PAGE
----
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dc.contributor.authorDzidic, Peta
dc.contributor.authorBreen, Lauren
dc.contributor.authorBishop, Brian
dc.identifier.citationDzidic, Peta and Breen, Lauren J. and Bishop, Brian J. 2013. Are our competencies revealing our weaknesses? A critique of community psychology practice competencies. Global Journal of Community Psychology Practice. 4 (4): pp. 1-10.

In this paper we argue that the focus on the development and application of practice competencies for community psychology runs the risk of being a distraction from good practice. We outline three areas that demonstrate the inherent flaws in focusing on traditional notions of competencies for community psychology – the limitations of competencies themselves, the schism between competencies and ethics, and the disconnect between competencies and applied practice. In opposition to traditional notions of competencies underpinned by positivist and mechanist notions, we propose that the distinction between virtue and procedural ethics provides a model for comparing and contrasting virtue and procedural competencies. Virtue competencies provide an orientation and value-base that may be applied to any context in which community psychologists work; in this way, competencies may be positioned as tools for understanding, rather than as understandings.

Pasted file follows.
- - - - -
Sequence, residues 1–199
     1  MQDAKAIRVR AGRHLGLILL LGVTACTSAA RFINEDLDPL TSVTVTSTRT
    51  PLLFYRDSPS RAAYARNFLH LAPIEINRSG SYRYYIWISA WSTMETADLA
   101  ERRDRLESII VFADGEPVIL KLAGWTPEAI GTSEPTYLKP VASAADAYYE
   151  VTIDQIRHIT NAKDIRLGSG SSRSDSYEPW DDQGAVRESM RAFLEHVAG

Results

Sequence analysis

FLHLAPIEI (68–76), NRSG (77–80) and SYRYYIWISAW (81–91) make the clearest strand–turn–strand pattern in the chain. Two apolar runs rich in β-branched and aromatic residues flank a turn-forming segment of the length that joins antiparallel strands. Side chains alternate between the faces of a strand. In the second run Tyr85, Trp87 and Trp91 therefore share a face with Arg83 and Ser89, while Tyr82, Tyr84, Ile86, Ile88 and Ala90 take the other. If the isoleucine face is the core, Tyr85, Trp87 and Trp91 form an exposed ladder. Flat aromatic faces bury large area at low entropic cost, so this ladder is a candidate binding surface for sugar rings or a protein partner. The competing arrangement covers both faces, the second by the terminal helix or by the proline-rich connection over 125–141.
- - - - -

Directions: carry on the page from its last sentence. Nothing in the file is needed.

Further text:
dc.publisherVincent T. Francisco, Ed. & Pub.
dc.titleAre our competencies revealing our weaknesses? A critique of community psychology practice competencies
dc.typeJournal Article
dcterms.source.titleGlobal Journal of Community Psychology Practice

Available under a Creative Commons Attribution-NonCommercial-NoDerivs 3.0 Unported License.

curtin.accessStatusOpen access

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